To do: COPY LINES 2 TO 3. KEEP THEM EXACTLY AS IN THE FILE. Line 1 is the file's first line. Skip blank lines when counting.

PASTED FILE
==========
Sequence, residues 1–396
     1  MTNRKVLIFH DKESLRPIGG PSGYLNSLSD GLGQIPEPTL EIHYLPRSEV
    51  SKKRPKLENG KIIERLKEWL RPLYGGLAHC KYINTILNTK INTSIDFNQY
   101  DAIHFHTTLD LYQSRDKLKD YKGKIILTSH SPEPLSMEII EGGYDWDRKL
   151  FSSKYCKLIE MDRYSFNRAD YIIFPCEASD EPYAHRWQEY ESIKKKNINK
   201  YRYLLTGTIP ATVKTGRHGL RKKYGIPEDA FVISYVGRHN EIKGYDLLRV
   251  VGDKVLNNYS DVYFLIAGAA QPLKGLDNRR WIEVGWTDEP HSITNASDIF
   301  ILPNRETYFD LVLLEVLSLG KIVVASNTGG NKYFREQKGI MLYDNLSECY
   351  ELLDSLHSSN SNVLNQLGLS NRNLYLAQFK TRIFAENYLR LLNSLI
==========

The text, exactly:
     1  MTNRKVLIFH DKESLRPIGG PSGYLNSLSD GLGQIPEPTL EIHYLPRSEV
    51  SKKRPKLENG KIIERLKEWL RPLYGGLAHC KYINTILNTK INTSIDFNQY